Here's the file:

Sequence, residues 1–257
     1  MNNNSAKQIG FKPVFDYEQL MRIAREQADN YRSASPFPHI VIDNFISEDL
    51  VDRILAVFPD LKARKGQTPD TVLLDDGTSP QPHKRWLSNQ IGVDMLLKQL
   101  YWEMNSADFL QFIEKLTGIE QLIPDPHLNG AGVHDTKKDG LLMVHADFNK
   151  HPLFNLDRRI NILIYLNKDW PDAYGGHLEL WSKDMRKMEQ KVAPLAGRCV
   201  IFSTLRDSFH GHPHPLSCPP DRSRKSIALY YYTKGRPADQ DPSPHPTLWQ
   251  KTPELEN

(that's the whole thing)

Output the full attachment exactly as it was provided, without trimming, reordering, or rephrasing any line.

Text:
Sequence, residues 1–257
     1  MNNNSAKQIG FKPVFDYEQL MRIAREQADN YRSASPFPHI VIDNFISEDL
    51  VDRILAVFPD LKARKGQTPD TVLLDDGTSP QPHKRWLSNQ IGVDMLLKQL
   101  YWEMNSADFL QFIEKLTGIE QLIPDPHLNG AGVHDTKKDG LLMVHADFNK
   151  HPLFNLDRRI NILIYLNKDW PDAYGGHLEL WSKDMRKMEQ KVAPLAGRCV
   201  IFSTLRDSFH GHPHPLSCPP DRSRKSIALY YYTKGRPADQ DPSPHPTLWQ
   251  KTPELEN